Atriarch
Forever the End

I really wanted to like the debut from this doom sludge act from Portland more, but despite a sickly hue and oozing pallor, I can’t bring myself to be as impressed as I am by other like minded acts (Cough, Thou, Highgate, Coffinworm).

It starts out well enough with a throbbing patient lope and fuzzed, crawling gait of “Plague”, and I’m thinking its a portents of something really nasty to come, which at times it is. But some distant groans and moans kick in, and even though some tortured screams kick in a bit later, I’m immediately turned off. I’ll generally try to be patient with vocals, and if the music is good enough I’ll get over it (see A Storm of Light), but on this track the drunken warbling simply kills the mood rather than give it a sort of uber suicidal, ultra Goth -vibe the band might have been aiming for.

I give the second track, ‘Shadows” a chance to see if “Plagues” was simply a bump in the road. And again, the track starts impressively with a droning, haunting scrawl but yup–about 1;50 in–comes the warbling moans. Granted, those pained screams kick in again and at these moments I’m really liking Atriarch, especially the following fever dream of feedback drenched doom. But as soon as Lenny Smith reverts to his moaning, the often excellent background music is a bit tarnished — as the start of the album’s longest track “Fracture” shows.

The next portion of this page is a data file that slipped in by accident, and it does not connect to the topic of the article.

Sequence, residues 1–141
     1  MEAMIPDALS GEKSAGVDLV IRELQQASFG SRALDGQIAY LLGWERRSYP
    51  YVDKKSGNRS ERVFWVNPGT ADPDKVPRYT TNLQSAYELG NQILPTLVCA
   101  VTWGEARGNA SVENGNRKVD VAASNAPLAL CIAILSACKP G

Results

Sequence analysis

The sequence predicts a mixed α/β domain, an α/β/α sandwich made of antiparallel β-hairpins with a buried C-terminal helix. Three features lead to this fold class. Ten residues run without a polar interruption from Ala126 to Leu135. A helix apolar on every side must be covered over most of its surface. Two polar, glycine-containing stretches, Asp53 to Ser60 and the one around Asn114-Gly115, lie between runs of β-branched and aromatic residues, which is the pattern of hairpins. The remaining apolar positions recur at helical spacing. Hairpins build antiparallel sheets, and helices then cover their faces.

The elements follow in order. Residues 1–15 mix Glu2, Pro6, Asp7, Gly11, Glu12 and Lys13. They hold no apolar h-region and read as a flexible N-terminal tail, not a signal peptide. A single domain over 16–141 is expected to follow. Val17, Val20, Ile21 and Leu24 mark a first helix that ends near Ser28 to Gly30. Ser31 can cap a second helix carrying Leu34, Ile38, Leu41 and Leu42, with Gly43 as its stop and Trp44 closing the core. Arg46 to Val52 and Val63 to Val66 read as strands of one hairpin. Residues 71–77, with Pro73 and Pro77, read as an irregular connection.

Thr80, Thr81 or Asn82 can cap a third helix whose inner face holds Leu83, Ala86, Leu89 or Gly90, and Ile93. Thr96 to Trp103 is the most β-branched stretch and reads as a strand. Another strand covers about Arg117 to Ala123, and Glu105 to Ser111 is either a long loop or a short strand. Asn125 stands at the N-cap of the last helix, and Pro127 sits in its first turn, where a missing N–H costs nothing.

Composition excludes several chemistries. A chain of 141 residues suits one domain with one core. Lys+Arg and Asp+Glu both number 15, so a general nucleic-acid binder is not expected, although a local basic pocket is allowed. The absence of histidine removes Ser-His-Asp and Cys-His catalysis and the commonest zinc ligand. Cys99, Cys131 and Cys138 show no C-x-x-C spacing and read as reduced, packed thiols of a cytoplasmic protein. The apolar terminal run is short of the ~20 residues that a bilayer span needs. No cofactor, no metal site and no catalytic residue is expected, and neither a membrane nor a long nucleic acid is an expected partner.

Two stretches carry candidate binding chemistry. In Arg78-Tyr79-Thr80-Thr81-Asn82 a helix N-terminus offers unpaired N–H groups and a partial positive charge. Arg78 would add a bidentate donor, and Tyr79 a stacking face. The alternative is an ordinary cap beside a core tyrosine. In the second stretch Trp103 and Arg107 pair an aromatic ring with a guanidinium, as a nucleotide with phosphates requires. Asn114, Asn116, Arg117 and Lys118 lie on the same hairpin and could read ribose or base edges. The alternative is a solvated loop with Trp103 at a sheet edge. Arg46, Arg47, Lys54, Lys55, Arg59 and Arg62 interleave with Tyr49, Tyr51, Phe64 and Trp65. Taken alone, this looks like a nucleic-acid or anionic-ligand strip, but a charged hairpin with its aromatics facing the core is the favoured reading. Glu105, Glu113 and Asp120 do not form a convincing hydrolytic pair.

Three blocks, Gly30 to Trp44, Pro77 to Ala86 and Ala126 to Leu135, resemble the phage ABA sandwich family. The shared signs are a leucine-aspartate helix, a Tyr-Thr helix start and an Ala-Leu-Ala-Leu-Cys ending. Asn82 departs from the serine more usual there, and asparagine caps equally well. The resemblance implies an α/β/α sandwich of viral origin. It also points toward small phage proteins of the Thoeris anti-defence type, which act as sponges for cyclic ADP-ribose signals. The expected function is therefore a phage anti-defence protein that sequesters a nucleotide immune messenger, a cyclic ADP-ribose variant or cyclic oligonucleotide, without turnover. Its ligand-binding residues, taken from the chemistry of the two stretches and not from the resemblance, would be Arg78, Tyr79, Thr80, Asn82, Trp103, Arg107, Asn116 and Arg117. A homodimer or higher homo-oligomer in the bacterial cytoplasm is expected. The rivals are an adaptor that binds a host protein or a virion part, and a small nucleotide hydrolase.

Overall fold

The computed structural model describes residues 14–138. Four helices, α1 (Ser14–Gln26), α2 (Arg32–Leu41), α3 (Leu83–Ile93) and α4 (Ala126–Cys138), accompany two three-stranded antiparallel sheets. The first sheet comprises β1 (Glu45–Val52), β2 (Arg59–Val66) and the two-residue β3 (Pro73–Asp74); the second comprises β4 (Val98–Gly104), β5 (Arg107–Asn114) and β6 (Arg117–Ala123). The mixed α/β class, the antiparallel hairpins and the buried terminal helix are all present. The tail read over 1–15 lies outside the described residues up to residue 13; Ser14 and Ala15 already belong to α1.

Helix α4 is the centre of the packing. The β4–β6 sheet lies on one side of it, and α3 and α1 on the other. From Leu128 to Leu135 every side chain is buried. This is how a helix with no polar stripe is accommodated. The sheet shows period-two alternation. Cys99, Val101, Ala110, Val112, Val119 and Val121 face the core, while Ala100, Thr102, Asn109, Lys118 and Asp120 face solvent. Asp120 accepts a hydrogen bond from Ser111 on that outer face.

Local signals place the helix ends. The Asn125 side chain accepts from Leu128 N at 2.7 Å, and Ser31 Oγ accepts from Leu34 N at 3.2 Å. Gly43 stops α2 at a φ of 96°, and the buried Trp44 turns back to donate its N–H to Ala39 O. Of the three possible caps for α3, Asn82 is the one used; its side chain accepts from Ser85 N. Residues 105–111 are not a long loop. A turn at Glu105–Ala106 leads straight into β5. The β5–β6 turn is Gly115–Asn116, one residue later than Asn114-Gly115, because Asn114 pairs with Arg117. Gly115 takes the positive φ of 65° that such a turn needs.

I’ll admit, I may be nit picking with the vocals, because realistically Forever the End is largely a trip into pulsing, atmospheric, droning filth.  So the few moments of vocals are in fact relatively minimal. It’s just that when they do show up, they just derail the paranoid mood the music is doing a good job setting. That being said, if Smith had just kept to the screams I would have easily enjoyed this release much more. Just look at the closer “Downfall” as a small glimpse of the musical vs. vocal dichotomy.

This is one of the releases and reviews, where the prospective buyer is going to have to check out samples and make their own decision as I’m making much more of a bigger deal about the vocals than they probably are. Doom/sludge aficionados will probably love this way more than I do as I’m just loving parts of it. Namely, the musical parts.

 

 

[Visit the band's website]
Written by Erik T
October 10th, 2011

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